All-Russian Congress of Soviets

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All-Russian Congress of Soviets
Всероссийский Съезд Советов
 Russia
Coat of arms or logo
Type
Type Congress of Soviets
History
Established 1917
Disbanded 1937
Preceded by Russian Provisional Government
Russian Constituent Assembly
Succeeded by Supreme Soviet of Russia
Seats

Varies in every congress:

  • 1090 at first (I) Congress
  • 1338 at last (XVII) congress
Elections
Voting system Indirect elections
Meeting place
Congress of Soviets (1917).jpg
Second All-Russian Congress of Soviets (November 7–9) in Petrograd, Smolny
The Congress had no permanent location.

The All-Russian Congress of Soviets was the supreme governing body of the Russian Soviet Federative Socialist Republic from 1917–22 and of the Soviet Union until 1936. The 1918 Constitution of the Russian SFSR mandated that Congress shall convene at least twice a year. The 1925 constitution lowered the minimum to once a year.

History[edit]

First Congress[edit]

The First All-Russian Congress of Soviets of Workers 'and Soldiers' Deputies (June 16 - July 7, 1917) was convened by the National Conference of the Soviets. It was dominated by pro-government parties (Socialist-Revolutionaries, etc.) and confirmed the supremacy of the Russian Provisional Government. According to Leon Trotsky, "[t]here were 820 delegates with a vote and 268 with a voice. They represented 305 local soviets, 53 district and regional organizations at the front, the rear institutions of the army, and a few peasant organizations. The right to a vote was accorded to soviets containing not less than 25,000 men. Soviets containing from 10,000 to 25,000 had a voice. On the basis of this rule—by the way, none too strictly observed—we may assume that over 20,000,000 people stood behind the soviets. Out of 777 delegates giving information as to their party allegiance, 285 were Social Revolutionaries, 248 Mensheviks, 105 Bolsheviks; a few belonged to less important groups. The left wing—the Bolsheviks, and the Internationalists adhering to them—constituted less than a fifth of the delegates."[1]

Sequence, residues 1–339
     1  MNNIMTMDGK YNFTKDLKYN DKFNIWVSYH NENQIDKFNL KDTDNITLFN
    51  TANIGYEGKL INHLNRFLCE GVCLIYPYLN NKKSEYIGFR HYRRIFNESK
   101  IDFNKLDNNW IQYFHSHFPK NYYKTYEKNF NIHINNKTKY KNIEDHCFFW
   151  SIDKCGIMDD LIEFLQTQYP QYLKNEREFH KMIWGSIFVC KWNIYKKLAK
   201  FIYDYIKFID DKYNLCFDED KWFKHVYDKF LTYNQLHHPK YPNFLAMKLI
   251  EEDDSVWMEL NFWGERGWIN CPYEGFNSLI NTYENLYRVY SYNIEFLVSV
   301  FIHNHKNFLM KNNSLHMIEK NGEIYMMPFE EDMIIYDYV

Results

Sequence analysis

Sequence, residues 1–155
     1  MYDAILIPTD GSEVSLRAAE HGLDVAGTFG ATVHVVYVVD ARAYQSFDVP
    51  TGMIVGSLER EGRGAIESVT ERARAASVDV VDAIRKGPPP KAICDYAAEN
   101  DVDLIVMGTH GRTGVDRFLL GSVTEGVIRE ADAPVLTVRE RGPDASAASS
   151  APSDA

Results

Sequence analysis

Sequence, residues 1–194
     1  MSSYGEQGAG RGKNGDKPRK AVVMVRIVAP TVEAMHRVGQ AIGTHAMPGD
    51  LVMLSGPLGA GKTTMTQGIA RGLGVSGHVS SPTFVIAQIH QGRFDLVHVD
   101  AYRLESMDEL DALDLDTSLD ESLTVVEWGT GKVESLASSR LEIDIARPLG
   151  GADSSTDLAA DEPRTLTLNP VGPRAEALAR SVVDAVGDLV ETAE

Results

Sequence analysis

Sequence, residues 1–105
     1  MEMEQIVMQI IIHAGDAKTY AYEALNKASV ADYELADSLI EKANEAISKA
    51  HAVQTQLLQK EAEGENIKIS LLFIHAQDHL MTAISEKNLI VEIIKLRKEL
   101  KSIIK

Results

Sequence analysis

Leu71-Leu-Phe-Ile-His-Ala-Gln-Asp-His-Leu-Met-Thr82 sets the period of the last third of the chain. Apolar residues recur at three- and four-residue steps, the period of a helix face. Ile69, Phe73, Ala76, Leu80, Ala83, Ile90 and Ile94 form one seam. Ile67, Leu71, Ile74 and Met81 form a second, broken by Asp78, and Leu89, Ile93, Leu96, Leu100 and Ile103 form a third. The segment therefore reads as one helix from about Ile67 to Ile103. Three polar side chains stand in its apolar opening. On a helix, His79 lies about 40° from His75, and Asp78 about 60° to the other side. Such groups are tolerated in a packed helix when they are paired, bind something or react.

Second All-Russian Congress[edit]

Following the overthrow of the Provisional Government of Russia in the October revolution, the Second All-Russian Congress of Soviets of Workers' and Soldiers' Deputies (November 7–9, 1917) ratified the revolutionary transfer of state power. On the first day of the Congress, the Socialist Revolutionaries split into two groups - the Left Social Revolutionaries and the Right Social Revolutionaries. Also on the first day, the Menshevik delegation and Right Socialist Revolutionary deputies walked out in protest.

Third Congress[edit]

The Third All-Russian Congress of Soviets of Workers', Soldiers' and Peasants' Deputies (January 23–31, 1918) was attended by delegates from 317 Soviets of Workers', Soldiers' and Peasants' with a further 110 delegates from army, corps and divisional committees. The Bolsheviks comprised 441 of the 707 delegates. On the fourth day January 13 (26), more delegates who had been at the Third All-Russia Congress of Soviets of Peasants' Deputies arrived. By the end there were 1,587 delegates.

The Congress had a Praesidium composed of ten Bolsheviks and three Left Socialist-Revolutionaries with a further delegate from each other group (Right Socialist-Revolutionaries, Mensheviks, etc.)